Ducati had great numbers in 2017. Here's how they did it.
Despite a down market, Ducati turns in positive sales and growth numbers for the 2017 year.
2017 was an all around good year for Ducati. In addition to having its best premier class racing season since 2009), the company reported increased sales in most major markets despite general market trends going in the opposite direction. In total, the company sold 55,871 units, a figure slightly up from 2016’s 55,451 total unit sales. Between the company's flagship super bikes, ADV machines, popular nakeds, and immense scrambler lineup, Ducati's diverse model range is what helped to attract new and old customers alike.
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“2017 was another great year for Ducati, both commercially and racing-wise," said CEO of Ducati Motor Holding Claudio Domenicali. "We battled it out for the MotoGP title all the way to the last race, won six GPs and brought home the best results since 2009. Continuous renewal of the product range and a strong focus on creating motorcycles of the utmost quality has allowed us to keep on growing despite the problems affecting the world market. I extend heartfelt thanks to all the men and women whose passion makes it possible, every day, to build these extraordinary bikes. Their work has made Ducati an emblem of Italian excellence.”
In the US – Ducati’s biggest market – sales were up 1.3 percent in 2017 with just under 9,000 units sold. Deliveries in Argentina were up by an unheard of 66 percent. 5,805 total units were sold in the Asian markets with a 31 percent increase in China thanks to the dealer network doubling from nine authorized dealerships to 18. Meanwhile, the European market experienced a growth of 4 percent, delivering a total of 31,123 units across the continent. Ducati experienced a 28.3 percent sales increase in the Spanish market, and sales were up by 12 percent with 8,806 units sold in Ducati’s native Italy.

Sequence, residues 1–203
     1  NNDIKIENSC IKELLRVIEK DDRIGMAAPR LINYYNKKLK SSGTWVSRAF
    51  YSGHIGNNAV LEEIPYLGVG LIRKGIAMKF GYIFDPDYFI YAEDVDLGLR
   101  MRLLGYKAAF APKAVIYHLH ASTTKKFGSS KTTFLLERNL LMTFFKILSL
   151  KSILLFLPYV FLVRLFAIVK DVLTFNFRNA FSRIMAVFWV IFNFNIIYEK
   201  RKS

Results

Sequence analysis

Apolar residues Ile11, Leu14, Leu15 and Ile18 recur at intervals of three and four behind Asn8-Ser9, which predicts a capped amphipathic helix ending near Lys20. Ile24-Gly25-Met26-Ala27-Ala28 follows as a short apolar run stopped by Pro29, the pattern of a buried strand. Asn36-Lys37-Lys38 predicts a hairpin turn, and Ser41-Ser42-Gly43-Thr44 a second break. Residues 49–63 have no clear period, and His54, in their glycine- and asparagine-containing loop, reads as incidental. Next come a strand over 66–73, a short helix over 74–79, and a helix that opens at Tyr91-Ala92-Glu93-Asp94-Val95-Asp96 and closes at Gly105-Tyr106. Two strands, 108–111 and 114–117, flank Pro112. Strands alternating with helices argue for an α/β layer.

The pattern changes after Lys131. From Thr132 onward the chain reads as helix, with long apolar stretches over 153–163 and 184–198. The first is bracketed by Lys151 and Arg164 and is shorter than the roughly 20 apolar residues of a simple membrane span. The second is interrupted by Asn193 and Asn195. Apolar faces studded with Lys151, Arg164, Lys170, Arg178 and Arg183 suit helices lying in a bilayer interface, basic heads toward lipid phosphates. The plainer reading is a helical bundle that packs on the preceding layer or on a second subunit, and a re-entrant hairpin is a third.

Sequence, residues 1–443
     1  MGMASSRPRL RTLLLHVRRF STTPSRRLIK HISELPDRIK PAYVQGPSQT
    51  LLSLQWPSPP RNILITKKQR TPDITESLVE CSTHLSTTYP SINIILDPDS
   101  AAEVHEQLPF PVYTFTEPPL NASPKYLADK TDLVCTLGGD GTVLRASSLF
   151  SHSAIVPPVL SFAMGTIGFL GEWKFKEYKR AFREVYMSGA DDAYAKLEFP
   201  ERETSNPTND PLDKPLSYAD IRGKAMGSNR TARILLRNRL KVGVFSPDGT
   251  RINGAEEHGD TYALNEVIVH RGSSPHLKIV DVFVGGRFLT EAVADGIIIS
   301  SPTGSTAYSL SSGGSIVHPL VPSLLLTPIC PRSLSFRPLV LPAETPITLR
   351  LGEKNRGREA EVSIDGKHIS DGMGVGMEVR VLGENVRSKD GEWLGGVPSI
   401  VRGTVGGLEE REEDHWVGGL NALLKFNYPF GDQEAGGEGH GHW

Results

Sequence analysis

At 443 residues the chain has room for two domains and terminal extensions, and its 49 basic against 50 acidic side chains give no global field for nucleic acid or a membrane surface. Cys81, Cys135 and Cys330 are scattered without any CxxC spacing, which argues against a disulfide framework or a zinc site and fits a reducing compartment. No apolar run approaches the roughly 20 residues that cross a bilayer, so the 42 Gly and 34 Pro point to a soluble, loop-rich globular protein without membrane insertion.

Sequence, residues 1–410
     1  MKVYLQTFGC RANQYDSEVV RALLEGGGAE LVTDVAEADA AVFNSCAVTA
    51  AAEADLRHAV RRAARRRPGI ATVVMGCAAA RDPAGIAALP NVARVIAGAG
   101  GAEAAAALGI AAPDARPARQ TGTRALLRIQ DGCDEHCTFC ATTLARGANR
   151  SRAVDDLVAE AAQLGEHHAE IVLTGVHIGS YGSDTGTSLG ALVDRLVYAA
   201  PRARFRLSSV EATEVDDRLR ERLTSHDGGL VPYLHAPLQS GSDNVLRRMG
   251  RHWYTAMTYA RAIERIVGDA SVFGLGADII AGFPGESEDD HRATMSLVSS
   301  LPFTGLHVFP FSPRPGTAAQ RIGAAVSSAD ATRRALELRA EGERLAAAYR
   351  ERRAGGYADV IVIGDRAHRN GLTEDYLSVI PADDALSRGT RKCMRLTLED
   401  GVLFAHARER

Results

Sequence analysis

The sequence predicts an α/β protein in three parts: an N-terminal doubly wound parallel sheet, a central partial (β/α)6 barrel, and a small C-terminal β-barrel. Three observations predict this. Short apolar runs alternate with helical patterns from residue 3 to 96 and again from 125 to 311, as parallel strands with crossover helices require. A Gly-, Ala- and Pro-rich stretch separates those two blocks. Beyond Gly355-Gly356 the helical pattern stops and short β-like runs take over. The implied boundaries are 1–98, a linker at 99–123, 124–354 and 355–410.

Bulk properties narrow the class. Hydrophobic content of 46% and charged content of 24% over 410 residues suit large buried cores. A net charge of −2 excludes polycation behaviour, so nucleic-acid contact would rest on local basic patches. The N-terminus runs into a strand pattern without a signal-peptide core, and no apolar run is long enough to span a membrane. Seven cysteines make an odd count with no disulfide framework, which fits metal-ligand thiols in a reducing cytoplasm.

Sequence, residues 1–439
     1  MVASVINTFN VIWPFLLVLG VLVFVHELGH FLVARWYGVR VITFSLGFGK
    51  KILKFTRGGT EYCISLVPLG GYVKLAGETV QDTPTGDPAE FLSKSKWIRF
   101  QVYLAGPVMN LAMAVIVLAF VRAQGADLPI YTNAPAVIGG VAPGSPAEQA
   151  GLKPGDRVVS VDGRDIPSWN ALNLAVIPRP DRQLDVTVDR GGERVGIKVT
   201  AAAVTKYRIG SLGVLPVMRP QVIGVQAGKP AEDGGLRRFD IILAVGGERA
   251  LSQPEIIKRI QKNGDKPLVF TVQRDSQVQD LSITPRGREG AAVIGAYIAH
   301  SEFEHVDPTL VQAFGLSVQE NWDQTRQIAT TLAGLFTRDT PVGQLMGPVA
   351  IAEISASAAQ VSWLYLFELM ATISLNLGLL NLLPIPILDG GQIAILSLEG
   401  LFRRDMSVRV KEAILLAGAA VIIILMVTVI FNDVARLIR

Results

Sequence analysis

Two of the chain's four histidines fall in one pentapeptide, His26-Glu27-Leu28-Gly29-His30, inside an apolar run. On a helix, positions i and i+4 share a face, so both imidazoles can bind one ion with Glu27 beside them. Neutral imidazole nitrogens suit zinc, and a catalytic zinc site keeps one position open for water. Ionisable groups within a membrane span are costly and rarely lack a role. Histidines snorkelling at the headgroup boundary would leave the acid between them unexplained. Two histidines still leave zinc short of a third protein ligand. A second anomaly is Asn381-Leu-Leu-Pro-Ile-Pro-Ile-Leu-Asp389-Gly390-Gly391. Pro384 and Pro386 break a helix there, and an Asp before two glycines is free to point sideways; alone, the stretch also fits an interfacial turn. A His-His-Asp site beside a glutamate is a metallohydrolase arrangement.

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“Despite a shrinking global market, we've succeeded in increasing our market share," said Global Sales and Marketing Director Andrea Buzzoni. "We've expanded significantly in both consolidated markets such as Italy and Spain and in strategic emerging markets like China and Argentina. This is thanks to a range capable of generating loyalty among Ducatisti all over the world yet also winning over new customers with models such as the SuperSport, Multistrada 950 and the Scrambler family. Moreover, the sales success of the 1299 Superleggera and 1299 Panigale R Final Edition confirm our technological and brand leadership in the high-end sport bike segment.”
Ducati also managed to sell 14,061 scramblers, which made up roughly one-quarter of the company’s total sales. The high-end manufacturer also sold all 500 of its 1299 Superleggera models at a cool 80,000 euros a pop. As always, the Monster lineup did good numbers for Ducati, as did the Multistrada family. With the recent release of the brand’s long awaited Panigale V4, Ducati is anticipating good things in 2018.